The media have proclaimed Simon Bridges to be dog tucker. Having issued that decree, the media will do its darnedest to make sure he does become exactly that – dog tucker.

That is the ugly truth now confronting Bridges in his continuing struggle to keep his leadership of the National Party intact and alive.

It might seem unfair. It will likely be regarded in National quarters as irrefutable evidence of media bias.

It is unfair. Some pundits had made up their minds that Bridges was the wrong person to lead National within weeks of him securing the job. Those verdicts were quickly followed by bold predictions that it would not be long before he was rolled by his fellow MPs. . . 

Those predictions are heating up again, but why?

Is it personal dislike of him?

Probably not.

There were similar campaigns against Bill English and Don Brash when they were opposition leader.

So is it partisan?

The media were just as quick to criticise and slow to praise Phil Goff, David Shearer, David Cunliffe and Andrew Little so no, it’s not necessarily partisan.

But is it political?

The media tends to be liberal on social issues and Bridges is more conservative.

Could the sustained campaign against Bridges be because he has said he will vote against the Bill to legalise euthanasia and is likely to oppose any liberalising of abortion law?


Let’s not panic

April 2, 2019

Andrew Little plans to fast track a law review which could make hate speech illegal:

. . .He said the current law on hate speech was not thorough and strong enough and needed to change. . .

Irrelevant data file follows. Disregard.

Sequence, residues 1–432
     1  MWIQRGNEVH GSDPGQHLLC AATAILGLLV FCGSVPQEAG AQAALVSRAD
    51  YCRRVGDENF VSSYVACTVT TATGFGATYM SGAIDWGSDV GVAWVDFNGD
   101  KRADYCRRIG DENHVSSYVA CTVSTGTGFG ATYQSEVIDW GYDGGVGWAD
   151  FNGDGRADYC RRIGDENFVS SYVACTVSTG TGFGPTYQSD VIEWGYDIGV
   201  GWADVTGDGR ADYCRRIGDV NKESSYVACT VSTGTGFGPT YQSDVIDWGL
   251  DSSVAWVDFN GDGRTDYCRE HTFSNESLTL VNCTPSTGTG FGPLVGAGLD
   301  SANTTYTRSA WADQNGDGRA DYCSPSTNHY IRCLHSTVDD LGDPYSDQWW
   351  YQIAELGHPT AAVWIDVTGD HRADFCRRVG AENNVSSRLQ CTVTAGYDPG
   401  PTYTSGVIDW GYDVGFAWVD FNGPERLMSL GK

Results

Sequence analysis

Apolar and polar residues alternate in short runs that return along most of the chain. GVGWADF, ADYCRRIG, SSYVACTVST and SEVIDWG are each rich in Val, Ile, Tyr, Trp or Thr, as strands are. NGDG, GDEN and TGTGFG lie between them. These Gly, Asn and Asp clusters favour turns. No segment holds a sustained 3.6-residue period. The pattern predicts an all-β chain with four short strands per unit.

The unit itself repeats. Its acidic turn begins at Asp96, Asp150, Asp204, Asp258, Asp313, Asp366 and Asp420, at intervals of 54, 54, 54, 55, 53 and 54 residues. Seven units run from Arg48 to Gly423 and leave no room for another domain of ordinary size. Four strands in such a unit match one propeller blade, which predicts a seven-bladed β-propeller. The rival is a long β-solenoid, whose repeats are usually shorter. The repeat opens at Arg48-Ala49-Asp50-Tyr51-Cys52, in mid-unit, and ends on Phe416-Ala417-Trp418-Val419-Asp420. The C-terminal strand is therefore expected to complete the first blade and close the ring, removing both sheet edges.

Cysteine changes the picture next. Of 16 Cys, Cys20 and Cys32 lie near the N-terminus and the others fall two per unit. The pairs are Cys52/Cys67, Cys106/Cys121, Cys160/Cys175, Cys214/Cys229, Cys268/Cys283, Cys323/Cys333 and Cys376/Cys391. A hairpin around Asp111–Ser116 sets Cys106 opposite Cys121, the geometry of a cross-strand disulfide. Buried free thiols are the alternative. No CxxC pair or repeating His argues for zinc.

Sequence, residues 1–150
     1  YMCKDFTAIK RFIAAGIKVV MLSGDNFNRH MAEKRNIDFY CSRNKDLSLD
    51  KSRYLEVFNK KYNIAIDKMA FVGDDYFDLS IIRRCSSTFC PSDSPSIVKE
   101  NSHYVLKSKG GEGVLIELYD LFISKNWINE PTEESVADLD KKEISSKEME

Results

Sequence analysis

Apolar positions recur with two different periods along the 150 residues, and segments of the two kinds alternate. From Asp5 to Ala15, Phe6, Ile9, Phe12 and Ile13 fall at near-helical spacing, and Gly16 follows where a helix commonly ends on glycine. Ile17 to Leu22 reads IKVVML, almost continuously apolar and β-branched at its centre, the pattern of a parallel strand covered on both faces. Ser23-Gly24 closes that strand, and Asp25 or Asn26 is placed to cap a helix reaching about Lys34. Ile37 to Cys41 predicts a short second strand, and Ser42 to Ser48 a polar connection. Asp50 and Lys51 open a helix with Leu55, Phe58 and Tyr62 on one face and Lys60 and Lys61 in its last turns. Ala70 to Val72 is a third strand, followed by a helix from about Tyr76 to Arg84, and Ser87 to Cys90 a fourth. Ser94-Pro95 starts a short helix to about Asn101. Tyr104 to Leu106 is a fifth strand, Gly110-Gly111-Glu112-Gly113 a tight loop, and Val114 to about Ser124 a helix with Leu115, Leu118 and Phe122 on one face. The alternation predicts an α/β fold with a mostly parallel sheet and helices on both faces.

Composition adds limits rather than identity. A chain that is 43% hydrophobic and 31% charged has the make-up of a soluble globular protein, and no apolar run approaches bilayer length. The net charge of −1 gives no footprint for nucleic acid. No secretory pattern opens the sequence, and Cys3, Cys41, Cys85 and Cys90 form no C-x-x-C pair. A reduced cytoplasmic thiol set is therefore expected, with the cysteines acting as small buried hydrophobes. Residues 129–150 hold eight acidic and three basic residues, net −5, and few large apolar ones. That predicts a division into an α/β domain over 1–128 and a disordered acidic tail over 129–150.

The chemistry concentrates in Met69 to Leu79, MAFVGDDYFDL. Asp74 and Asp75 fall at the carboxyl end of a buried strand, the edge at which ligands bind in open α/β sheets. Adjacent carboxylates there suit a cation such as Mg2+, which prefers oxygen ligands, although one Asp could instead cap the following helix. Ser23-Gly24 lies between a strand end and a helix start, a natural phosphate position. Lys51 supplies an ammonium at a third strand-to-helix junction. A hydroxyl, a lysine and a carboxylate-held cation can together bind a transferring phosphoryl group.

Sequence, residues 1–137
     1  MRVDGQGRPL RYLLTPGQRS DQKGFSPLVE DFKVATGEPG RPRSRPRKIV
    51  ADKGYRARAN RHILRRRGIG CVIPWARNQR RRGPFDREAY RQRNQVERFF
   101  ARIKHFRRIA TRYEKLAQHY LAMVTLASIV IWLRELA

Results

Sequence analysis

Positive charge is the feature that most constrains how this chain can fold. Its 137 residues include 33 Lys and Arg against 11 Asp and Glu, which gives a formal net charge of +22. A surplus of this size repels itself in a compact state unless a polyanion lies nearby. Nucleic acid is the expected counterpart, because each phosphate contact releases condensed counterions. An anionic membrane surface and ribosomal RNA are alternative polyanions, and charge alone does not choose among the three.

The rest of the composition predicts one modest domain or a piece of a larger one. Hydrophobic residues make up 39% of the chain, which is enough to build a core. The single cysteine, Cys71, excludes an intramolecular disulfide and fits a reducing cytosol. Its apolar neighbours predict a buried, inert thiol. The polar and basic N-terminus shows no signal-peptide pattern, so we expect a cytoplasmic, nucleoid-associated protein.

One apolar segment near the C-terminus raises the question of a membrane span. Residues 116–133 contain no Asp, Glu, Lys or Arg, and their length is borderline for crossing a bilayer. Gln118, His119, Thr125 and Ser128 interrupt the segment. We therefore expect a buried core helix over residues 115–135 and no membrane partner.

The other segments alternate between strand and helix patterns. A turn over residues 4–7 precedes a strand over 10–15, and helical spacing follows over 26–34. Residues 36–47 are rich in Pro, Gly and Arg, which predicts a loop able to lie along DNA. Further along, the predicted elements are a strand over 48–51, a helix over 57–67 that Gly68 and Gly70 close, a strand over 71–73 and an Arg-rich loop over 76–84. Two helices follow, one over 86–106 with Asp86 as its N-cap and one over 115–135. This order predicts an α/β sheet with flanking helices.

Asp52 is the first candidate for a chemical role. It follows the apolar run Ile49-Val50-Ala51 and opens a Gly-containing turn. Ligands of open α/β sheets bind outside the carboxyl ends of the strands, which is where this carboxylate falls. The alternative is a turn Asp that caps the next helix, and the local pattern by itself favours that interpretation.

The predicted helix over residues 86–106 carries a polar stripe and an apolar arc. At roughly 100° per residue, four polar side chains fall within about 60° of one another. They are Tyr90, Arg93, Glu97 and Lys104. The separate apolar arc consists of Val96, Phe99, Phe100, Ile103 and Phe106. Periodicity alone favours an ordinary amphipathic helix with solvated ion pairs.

Isn’t it thorough enough and does it need to change?

The Free Speech Coalition disagrees:

The Free Speech Coalition will campaign against new laws to suppress traditional freedom of speech signalled by Justice Minister Andrew Little.

Constitutional lawyer, and Free Speech Coalition spokesperson, Stephen Franks says, “New Zealand already has clear laws against incitement of violence. We have a very new, uncertain, and far reaching law against digital harassment.”

“We have seen little or no effort by the government to enforce the existing law in the internet era, or even to explain it. Few New Zealanders know how our existing law works to criminalise genuinely hateful attempts to incite violence and contempt. We have seen instead repeated efforts to justify the granting of fresh powers like those used overseas to allow authorities to criminalise arguments and the expression of concern about issues where they want only one view to be expressed or heard.”

“The Government and the Human Rights Commission should focus on explaining and enforcing the existing law, not disgracefully seizing on the wave of sympathy from all decent New Zealanders, to rush through new restrictions on the opinions we may debate, express and research.”